As is tradition the PI will finish off the run with the last blog. This run marked our 7th year operating at LCO making great images and science. This run was no exception with great science delivered (despite the many clouds we encountered as winter is definitely coming). I’d like to thank all the LCO staff that did a great hosting us and I’d like to thank all the observers that came out to work with MagAO.
I’d like to show some great photos of the packing up process that was done in just one day (a new record).
Below is the ASM ready to be packed up and driven down to the clean room (where it will wait a year for us to come back — but we will come back).
Post failed to include a song of the day, please see 2018A Blog Rules.
Therefore the admin will choose a song of the day:
Yesterday we mounted the SAO’s Giant Magellan Telescope (GMT) dispersed fringe sensor prototype (Proto3 — Brian McLeod’s 3rd version — it keeps getting better). This is a complex set of infrared cameras and optics that mimic 3 of the GMT primary mirrors boundaries. It is basically a 2 slit experiment that interferes light (to make “fringes”) from the edge of each primary (where they almost touch) of the GMT. In this manner we hope to measure if one primary is slightly higher (out of phase in piston) with respect to the other primary — this will be a critical measurement to enable a diffraction-limited GMT in the future.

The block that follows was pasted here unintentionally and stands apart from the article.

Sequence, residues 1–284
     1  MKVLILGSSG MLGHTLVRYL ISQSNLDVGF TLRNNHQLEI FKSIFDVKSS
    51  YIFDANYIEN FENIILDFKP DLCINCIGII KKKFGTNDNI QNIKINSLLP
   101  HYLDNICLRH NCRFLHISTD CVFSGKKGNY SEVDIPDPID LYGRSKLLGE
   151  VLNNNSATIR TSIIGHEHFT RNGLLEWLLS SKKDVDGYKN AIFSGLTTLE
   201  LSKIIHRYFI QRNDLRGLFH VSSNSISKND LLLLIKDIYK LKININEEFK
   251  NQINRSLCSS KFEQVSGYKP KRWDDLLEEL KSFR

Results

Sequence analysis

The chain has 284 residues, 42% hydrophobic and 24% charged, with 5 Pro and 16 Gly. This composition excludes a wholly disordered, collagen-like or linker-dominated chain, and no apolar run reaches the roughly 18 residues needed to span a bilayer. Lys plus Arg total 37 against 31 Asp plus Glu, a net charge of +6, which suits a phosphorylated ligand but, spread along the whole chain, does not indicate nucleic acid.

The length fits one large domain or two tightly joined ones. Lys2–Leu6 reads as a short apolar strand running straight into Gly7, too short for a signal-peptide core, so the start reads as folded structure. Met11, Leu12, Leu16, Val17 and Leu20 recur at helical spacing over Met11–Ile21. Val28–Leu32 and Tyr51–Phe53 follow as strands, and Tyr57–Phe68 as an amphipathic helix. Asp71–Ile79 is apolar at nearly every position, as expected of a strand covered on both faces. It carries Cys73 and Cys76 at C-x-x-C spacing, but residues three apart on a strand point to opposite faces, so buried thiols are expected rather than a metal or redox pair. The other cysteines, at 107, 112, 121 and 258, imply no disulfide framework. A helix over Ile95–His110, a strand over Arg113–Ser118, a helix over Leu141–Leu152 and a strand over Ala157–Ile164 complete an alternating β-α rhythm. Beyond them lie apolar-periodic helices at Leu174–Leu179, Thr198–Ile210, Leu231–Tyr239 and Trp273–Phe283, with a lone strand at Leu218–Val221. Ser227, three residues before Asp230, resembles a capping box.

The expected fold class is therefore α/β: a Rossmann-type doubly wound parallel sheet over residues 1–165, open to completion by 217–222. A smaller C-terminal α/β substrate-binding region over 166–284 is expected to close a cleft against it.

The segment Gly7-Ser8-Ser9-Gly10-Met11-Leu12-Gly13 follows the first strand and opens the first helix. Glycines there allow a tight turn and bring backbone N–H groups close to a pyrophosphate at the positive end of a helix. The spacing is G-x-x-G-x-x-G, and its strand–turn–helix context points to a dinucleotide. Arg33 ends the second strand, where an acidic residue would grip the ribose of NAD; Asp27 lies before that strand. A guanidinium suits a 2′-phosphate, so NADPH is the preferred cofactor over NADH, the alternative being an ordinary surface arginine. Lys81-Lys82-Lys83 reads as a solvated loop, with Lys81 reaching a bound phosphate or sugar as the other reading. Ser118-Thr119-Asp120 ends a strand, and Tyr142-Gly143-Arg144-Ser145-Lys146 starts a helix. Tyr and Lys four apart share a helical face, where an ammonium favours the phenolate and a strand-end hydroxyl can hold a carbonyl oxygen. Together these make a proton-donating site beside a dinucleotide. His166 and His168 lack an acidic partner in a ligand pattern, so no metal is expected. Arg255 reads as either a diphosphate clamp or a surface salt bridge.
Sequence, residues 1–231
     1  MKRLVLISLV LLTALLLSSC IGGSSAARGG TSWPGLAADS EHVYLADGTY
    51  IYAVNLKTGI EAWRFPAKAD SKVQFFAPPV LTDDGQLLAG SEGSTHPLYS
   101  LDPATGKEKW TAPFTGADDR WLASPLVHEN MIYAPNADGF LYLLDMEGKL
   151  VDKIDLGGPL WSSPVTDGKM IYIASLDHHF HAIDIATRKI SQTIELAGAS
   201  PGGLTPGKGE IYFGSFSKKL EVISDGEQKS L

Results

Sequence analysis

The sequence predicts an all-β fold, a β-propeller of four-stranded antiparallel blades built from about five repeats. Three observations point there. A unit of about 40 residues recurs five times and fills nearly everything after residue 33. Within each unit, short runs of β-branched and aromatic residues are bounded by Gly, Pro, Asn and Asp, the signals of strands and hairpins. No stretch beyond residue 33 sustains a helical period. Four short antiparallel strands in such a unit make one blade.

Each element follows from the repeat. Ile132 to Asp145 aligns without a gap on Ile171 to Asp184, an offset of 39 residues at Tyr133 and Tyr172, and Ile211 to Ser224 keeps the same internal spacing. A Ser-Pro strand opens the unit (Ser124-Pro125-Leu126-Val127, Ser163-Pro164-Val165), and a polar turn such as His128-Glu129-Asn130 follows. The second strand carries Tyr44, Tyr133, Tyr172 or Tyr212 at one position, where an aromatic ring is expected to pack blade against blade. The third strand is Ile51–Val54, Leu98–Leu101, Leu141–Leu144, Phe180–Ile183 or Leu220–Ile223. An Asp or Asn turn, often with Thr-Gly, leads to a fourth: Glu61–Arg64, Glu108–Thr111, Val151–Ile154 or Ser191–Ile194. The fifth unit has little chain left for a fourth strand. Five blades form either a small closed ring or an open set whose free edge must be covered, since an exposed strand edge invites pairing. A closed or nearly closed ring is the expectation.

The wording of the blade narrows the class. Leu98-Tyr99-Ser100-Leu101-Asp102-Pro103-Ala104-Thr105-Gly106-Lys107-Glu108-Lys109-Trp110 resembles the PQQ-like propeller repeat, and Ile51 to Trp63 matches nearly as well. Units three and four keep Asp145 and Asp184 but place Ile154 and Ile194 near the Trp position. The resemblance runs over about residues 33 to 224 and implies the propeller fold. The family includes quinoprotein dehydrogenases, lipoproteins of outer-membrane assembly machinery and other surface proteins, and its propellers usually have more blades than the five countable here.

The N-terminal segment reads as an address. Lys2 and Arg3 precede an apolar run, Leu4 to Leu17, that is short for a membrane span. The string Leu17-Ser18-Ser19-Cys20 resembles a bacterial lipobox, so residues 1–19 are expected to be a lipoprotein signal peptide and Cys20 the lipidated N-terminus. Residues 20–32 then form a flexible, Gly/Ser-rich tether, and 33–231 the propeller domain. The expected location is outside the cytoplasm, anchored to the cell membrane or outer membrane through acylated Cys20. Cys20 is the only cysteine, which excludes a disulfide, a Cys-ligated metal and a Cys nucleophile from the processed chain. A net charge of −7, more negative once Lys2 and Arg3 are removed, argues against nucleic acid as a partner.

So that means we turned Magellan/MagAO into just 3 pairs of slits and look at the interference between the pairs. See photo below of the Magellan pupil with these 3 slits pairs superimposed over it.
The fringes produced by the 2 slits are then dispersed in the vertical direction — in this way it can capture/measure up to ~40 microns of piston between GMT segments.
In the photo below you can see the 1.1-1.3 micron (infrared) spectra of the fringes, here MagAO was locked on 300 modes.
Jan Kansky took this great photo of Proto3 (the box above Derek) mounted on the back of the NAS
The main test of the system is to understand the “fringe behavior” when Proto 3 looks far away from the guide star that MagAO is correcting. Below we show a video of what the fringes look like when the fringes come from a star that is 6 arcminutes away from the guide star.
So in keeping with tonight’s theme — here is a Fringe song about the TV show of the same name:
This afternoon we mounted Clio on the NAS (the telescope + MagAO) and Katie and Phil got Clio cold and working with its brand new computer.
Despite a cloudy start to the night we did open and Jared tested the new 64-bit computers for MagAO, there were a few surprises about how to set the shell with so many bits. Jared figured out the troubles and a work around. We then ran for the rest of the night just fine for MagAO. Marco and Alfio also helped remotely from Italy — thanks guys!
Phil and Katie also debugged much of the brand new Clio software with lots of remote help from Paul Grenz (in Tucson) all night long. Great progress was made.
We did make great diffraction-limited images of Alpha Cen with VisAO in SDI+ mode as well as on Clio. The AO seems to be running great again.
In the afternoon after Clio was mounted I had some time to photograph a wild vizzy bouncing along the rocks — they really can bounce!
Since it was full of dark clouds tonight, here is a song about thunder…